"We did the pilot, and it got picked up for the first season, and six episodes in, I asked, 'When is my role going to come to life?' Of course, I didn't want to wear head gear; I wanted to look like me, so it would serve a purpose in my career, and a few days later, Joe Stracczynski said, 'How would you like to be the maitre'd in this really classy restaurant?' I thought about beggars not being choosers and trying to be polite, so I said OK, but really I was thinking, 'Yuck!'
"I went home and thought about it and then came back days later and said, 'Joe, I've been thinking about the part, and it just doesn't sound exiting. Isn't there something a little more responsible, something that has a greater responsibility to the arc of the show? Isn't there something a little on the dangerous side, a little dark?' I didn't really know what I was asking for, except that I wanted to be more involved in uncovering mysteries and the dark stuff. I never thought he would come up with the villain.
"When I asked that, they didn't call me in to read for two months, so I thought I had stepped way out of bounds. Then, Joe called me up and said, 'We have a script for you.' He handed it to me, I read it and was blown away; I couldn't have been more ecstatic."
Morden made his first appearance in "Signs and Portents," luring the Centauri Ambassador, Londo Mollari, into a Faustian bargain with the Shadows. Ironically, while "Signs and Portents" marked the characters debut in the series, Wasser had already shot "Chrysalis," the season-ending cliffhanger, several weeks earlier. As a result, the actor had to consult with writer Straczynski to keep Morden's chronology in order, "He handed me a couple of unfinished scenes from "Signs and Portents" to give me an idea of where I came from."
Wasser's job was also made easier by two key people who worked with him on both episodes; Peter Jurasik, who plays Londo, and director Janet Greek. "I was so lucky to to be able to work with the two of them. Janet was just incredible, and really took care of me. She knew what she wanted for the character, and really helped me define Morden. Peter was a sweetheart, and unassuming. He's very gentile, and I continue to love working with Peter.
It wasn't until late in the second season that B5 viewers finally began to find out more about Morden's mysterious origins. In "In the Shadow of Z'Ha'Dum," Captain Sheridan (Bruce Boxleitner) discovers a link between the destruction of the Icarus-the science vessel on which his wife Anna was stationed-and Morden, a crewman from that ship, also thought to be dead. According to Wasser, "It was a super episode for me. We definitely know Morden's connection is even stronger now, although we don't really know why he did it. Everybody was pleased with the episode's intensity. There is a lot of passion coming from Bruce in that one, because it concerns Sheridan's wife."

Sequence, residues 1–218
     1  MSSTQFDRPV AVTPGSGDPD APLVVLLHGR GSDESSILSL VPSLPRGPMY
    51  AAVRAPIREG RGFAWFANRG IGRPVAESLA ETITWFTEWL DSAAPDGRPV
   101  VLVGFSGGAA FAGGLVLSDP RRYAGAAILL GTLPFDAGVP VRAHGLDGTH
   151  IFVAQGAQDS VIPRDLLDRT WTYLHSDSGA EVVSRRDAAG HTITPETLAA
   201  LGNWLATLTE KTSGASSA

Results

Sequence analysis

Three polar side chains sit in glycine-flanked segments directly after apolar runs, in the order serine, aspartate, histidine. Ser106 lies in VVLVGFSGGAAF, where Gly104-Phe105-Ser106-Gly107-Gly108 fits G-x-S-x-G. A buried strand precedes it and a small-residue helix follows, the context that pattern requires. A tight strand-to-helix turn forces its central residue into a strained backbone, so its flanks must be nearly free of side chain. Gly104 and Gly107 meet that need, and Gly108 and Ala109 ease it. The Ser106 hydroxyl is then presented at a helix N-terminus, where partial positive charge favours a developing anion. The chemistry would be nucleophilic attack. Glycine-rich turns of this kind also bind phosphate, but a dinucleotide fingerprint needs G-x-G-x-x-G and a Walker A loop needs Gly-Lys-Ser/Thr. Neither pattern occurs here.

The actor points to the emotionally charged interrogation scenes between Morden and Sheridan as among the episode's highlights-with one small reservation. "I thought they were excellent, although I didn't like the lighting, of course. It was not favorable lighting, and when you have somebody like me who has strong features, you have to light me carefully. I looked like I had a nose the size of Brooklyn, and I don't; it's only the size of Staten Island!
"That was just embarrassing to me, but of course I thought the work was wonderful. I was proud of the exchanges that Bruce and I had, which were really strong when you got past the lighting. I enjoyed working with David Eagle, who's really a nice guy, and I thought that he got some good work out of me."
Wasser returned to Babylon 5, kicking off the third season in "Matter of Honor." By this time, Londo has decided to terminate his secret alliance with the Shadows, only to find that Morden has a few book keeping matters to be resolved.
"I was pleased with everybody's work and the way the show turned out, so no real complaints about that," says Wasser. "I'm getting fan mail saying, 'Every show needs a great villain, and Babylon 5 is lucky to have you.'
"I thought it was a good episode. If I worked every other week and had one or two scenes like that, it would be great, but I don't, so when I work for them, I want it to be substantial. They called me to do a voice over for an episode ["Voices of Authority"], and even hired me for one day to do a sentence ["Ceremonies of Light and Dark"]"
The last of Wasser's B5 episodes to date is "Interludes and Examinations," which he considers a major turning point for Morden and for the series as a whole. "It's very important episode, in my opinion. I don't have as much dialogue as I did in 'Z'Ha'Dum,' but I'm all over the place in that one. There are lots of visuals in that one, a couple of really fun scenes, and you see Morden's ability to really manipulate. In one scene, I don't even use Morden's body and voice, in a way, I do something different with one of the vendors.
"I got to work with Peter and Stephen [Furst] again, and a couple of Rangers, as well as a nice little scene with a vendor. I also got to work with Kosh, so it was fun. Jesus Trevino directed that. My hat's off to Joe for this one, which adds another piece to the puzzle."
Despite his characters less-than-regular status, Wasser has become an active member of the Babylon 5 family, with several convention appearances, and a thriving fan club. As for his time off-station, the actor has been keeping busy with a number of diverse projects, "The N.Y.P.D. Blue piece, in which I play a bad cop, was pretty good. I got the lead in a play called The Misanthrope, by Molie're, very challenging. There are lots of other irons in the fire right now, and so many other things going on, which is nice, but then again, nothing is for real until you get a paycheck. You just work on staying gracious and trust that the universe is going to take care of you."
While no one has actually turned the tables on Ed Wasser yet, asking him, "What do you want?" his answer would probably involve being around for the duration of Babylon 5's projected five-year story arc. "Of course, I'm always hoping that Morden will come around more often, but Joe has said his mystery will be blown if we see him more often, although I don't know if I agree to that.
"I don't think Joe has any plans to get rid of me any time soon, but I may be surprised. I don't know what his plans are, and I'm no sure I want to know." And if Straczynski decides to do away with the Shadow's soft-spoken, ever-smiling agent? "If he kills me off as Morden, I'll talk him into putting me into prosthetics and do something else!"
Copyright Starlog 1996